As COVID-19 spreads around the world, everyday life for hundreds of millions has been drastically altered. Full-scale quarantines have been imposed on countries hit hardest by the outbreak. Italy is under lockdown as its northern region faces sharp challenges in limiting new infections. In the United States, schools have closed, travel disrupted, and mass fear illustrated in the clearing of grocery store shelves.
Perhaps the most consequential disruption – aside from the direct human toll the virus has had – is the economic volatility felt across global markets. In America, ominous signs have pointed to a looming recession. Markets have hit bear territory, meaning securities prices have fallen more than 20% from recent highs. On Monday, March 16th, the Dow Jones Industrial Average saw its steepest single day drop in 33 years. Pessimism and panic have taken hold of economic sentiment. People under quarantine and social distancing measures are less inclined to go out and purchase goods or services. Broad layoffs throughout the job market have begun while the Trump administration seeks nearly $850 billion in stimulus to keep the United States economy afloat.
One of the greatest threats the pandemic has imposed on the global economy is its sheer impact on supply chains. 75% of companies in the U.S. have had their supply chains disrupted as a result of the virus.
Decades of globalization and interconnecting economies have developed a system in which finished products are not made in any single place. Their parts and manufacturing span oceans and continents. The manufacturing of a single Apple IPhone Touch ID button requires over 12,000 miles of movement to reach the place where the iPhone is assembled. All-in-all, “the iPhone has a transportation footprint at least as great as a 240,000-mile trip to the moon, and most or all of the way back.”
It is difficult to fathom the level of complexity that goes into the production of simple products many of us take for granted on a daily basis – at least until COVID-19 hit. Today the world is facing an inflection point surrounding globalization. It has uncovered both its limits and weaknesses.
The unprecedented movement of goods and people has cultivated the perfect environment for a virus which began in a seafood and livestock market in central China to wreak havoc on the world. In a mere three months it has spread to virtually every part of the globe and tanked markets.
It has also demonstrated to governments and its leaders advocating for a turn inwards that isolation is not always a feasible option. What happens in one place inevitably affects another. Companies which operate under a just-in-time (JIT) inventory system, a strategy that opts to maximize efficiency by limiting inventory, face existential threats to their supply of goods. Apple, which produces many of its products under this scheme, is now set to miss its forecast for the second quarter and is facing a sharp constraint in its ability to produce the IPhone.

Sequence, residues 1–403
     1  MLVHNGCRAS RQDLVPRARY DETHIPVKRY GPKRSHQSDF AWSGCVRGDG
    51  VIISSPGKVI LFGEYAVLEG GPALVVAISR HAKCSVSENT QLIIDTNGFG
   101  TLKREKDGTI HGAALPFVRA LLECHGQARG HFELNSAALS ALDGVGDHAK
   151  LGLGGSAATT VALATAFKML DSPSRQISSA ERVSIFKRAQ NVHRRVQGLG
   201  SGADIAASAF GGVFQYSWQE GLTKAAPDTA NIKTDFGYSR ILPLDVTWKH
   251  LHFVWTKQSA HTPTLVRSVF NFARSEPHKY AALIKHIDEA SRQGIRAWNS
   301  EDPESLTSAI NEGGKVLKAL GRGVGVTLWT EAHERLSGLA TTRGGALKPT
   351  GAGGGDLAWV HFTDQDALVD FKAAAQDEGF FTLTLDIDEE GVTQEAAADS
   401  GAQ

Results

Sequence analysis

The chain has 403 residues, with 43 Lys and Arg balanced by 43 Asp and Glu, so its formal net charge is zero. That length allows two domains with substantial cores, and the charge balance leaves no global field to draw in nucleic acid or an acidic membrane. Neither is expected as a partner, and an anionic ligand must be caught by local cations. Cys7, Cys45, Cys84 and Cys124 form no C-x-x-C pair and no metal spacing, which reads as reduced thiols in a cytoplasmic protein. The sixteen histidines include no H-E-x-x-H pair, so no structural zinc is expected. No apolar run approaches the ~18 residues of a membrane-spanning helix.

The more tangible impact that the outbreak will have on globalization is difficult to determine as of now since the spread of COVID-19 has only begun. From a political level, Philippe Legrain of Foreign Policy Magazine has argued that the “outbreak has been a gift to nativist nationalists and protectionists, and it is likely to have a long-term impact on the free movement of people and goods.”
Political leaders espousing these ideas may end up with the ammunition and legitimacy they need to put the final nail in the coffin in their fight against globalization. The world could come out of this more divided and uncooperative than it was before.
This prospective reality is frightening because it is a response to a problem requiring the exact opposite. Forces outside of the control of politicians or their rhetoric are in fact integrating the world to greater degrees as time moves forward. Advancements in technology and infrastructure have enabled more people than ever to travel around the globe. Developing nations are increasingly integrating into the world as hubs of business and travel. Businesses and governments would find it infeasible to truly de-integrate based on the reality that modern globalization has enabled companies to produce products better, faster, and cheaper via the construction of highly efficient supply chains. Reversing this course of direction would be a daunting and nearly impossible task. Globalization is not just some policy choice, it is a consequence of advancements in human ingenuity. In reality, governments ought to be coming out of this realizing the need to invest more in domestic and global preventive measures/capacities. Cooperation and information sharing should become the centerpiece to fighting and preventing future outbreaks. The construction of a more robust global health regime bolstered by true initiative and sustained investment in domestic measures are key to tackling future pandemics.
Although people may feel inclined to see globalization as a threat to humanity in the face of COVID-19, the world continues to change in ways that make turning inwards and shutting the door virtually impossible. People must come to terms with the fact that civilization faces many challenges ahead that do not respect borders. If anything, our current predicament shows us all that many times the only way forward is by uniting and cooperating in the face of shared adversity. The reality is that pandemics transcend many of our common conceptions of national interest and multilateralism. Preventing and combating them requires an immense level of global cooperation and an outgrowth from the daily trivialities that plague interactions between political entities, both domestically and globally. They are one of the starkest delineations of a “global challenge.” Transnational threats to humanity must demonstrate to us all that, in the end, we are in it together.